On site facilities include a bistro, bar, BBQ area, children’s play area, laundry and pool table. 

Location:5 Murray Street, Cunnamulla

Click here to check current rates and availability.

Warrego Hotel Cunnamulla

Located in the centre of town, the Warrego Hotel is conveniently located a short walk to the visitor centre and cafes.  The hotel offers a range of different room types including motel style rooms, cabins and a two bedroom unit.  Most rooms regardless of type, come either as a twin or double, while the two bedroom unit comes as a triple.  All of the rooms come with amenities such as an ensuite bathroom, AC, TV, toaster, kettle, and some rooms have a microwave.

On site facilities include a restaurant, bar and a laundry.

Location: 9 Louise Street, Cunnamulla

Click here to check current rates and availability.

Club Boutique Hotel

Also located in the centre of town, Club Boutique Hotel is conveniently located a short walk to the visitor centre and cafes.  The hotel offers a range of different room types, including motel style rooms, budget rooms with shared bathroom facilities and family rooms.  There is also the option of glamping from April to November. 

Most rooms regardless of type, come as a double although the family rooms can sleep up to 5 people.   All of the rooms come with amenities such as a private bathroom, AC, TV, tea and coffee making facilities.  Family rooms also have a spacious living area.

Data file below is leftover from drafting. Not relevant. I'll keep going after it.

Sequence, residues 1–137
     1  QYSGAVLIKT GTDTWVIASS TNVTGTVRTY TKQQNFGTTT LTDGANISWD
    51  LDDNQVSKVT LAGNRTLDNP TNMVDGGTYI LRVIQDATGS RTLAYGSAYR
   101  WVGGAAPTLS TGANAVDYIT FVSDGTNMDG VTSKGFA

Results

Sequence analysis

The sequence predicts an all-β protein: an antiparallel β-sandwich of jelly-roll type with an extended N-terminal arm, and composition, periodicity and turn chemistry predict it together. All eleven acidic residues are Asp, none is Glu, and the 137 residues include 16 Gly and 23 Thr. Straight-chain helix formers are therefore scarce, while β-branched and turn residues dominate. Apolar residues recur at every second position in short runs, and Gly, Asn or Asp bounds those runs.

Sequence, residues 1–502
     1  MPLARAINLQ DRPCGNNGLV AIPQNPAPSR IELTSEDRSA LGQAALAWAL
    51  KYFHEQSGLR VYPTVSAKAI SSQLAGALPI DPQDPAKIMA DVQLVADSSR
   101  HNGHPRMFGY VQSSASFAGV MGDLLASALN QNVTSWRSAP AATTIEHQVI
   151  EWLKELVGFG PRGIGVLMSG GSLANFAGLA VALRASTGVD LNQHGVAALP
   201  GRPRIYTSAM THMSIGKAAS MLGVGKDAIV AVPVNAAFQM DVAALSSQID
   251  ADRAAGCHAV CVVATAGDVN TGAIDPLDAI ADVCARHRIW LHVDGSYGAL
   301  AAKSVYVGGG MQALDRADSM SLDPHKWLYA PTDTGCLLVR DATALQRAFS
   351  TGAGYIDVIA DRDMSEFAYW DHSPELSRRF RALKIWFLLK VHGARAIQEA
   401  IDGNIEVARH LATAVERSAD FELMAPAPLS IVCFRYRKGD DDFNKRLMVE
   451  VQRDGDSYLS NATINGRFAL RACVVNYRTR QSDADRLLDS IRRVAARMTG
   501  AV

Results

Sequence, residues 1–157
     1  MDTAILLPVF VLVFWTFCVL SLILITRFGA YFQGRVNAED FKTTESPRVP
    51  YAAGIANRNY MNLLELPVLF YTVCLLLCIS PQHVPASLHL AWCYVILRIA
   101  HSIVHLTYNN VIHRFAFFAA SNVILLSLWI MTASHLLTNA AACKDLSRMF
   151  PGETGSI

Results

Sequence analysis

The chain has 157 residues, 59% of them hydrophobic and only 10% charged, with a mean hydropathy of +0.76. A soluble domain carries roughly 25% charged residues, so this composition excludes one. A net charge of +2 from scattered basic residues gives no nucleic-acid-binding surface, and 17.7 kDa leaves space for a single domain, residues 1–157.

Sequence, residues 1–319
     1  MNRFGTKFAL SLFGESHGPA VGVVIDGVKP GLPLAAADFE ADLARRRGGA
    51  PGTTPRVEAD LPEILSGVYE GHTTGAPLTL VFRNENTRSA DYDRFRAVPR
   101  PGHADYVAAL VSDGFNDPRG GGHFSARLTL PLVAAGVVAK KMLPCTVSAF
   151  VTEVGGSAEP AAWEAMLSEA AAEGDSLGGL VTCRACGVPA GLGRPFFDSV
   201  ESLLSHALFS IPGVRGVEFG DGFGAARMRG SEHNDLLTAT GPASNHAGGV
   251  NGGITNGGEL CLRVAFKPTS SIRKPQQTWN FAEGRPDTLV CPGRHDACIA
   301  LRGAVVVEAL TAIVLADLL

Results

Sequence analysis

On site facilities include a cafe and restaurant. 

Location: Corner of Louise and Stockyard Streets, Cunnamulla

Click here to check current rates and availability.

Cunnamulla – Our Verdict

We honestly had no idea what to expect when coming to Cunnamulla as we had not heard too much about it before.  We didn’t find a huge amount of things to do in town and probably could have seen the highlights within a day – however places such as the bushland, Allan Tannock Weir and the Warrego River Walk really took us by surprise.  These areas had some beautiful birdlife and the natural landscapes made for a beautiful spot to visit.  If we had longer, these places would have been lovely for a picnic.

If you’re doing the Natural Sciences Loop, Cunnamulla makes for a great one night stop.  

Prior to Cunnamulla we spent a few days in Charleville (read our guide here) and then from here went to Yowah and then Thargomindah (read our guide here).

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Hopefully you found this guide to Cunnamulla and the nearby area helpful and it has inspired you to take your kids for a visit.  Don’t forget to check out our full South West Outback Queensland itinerary here and you can also find all our Outback Queensland content here.